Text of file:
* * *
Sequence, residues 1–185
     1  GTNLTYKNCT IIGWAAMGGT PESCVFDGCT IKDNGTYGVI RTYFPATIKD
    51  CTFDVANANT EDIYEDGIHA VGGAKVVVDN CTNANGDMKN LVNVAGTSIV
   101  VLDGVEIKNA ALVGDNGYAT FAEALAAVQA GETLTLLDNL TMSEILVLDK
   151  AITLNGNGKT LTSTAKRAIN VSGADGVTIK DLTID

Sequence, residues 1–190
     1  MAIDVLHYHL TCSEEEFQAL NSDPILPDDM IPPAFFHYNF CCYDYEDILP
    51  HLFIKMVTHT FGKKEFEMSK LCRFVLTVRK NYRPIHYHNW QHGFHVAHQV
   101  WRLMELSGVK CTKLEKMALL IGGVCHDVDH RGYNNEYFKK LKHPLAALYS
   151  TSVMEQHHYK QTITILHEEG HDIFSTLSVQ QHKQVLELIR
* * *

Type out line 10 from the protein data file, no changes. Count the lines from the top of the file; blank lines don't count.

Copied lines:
   151  TSVMEQHHYK QTITILHEEG HDIFSTLSVQ QHKQVLELIR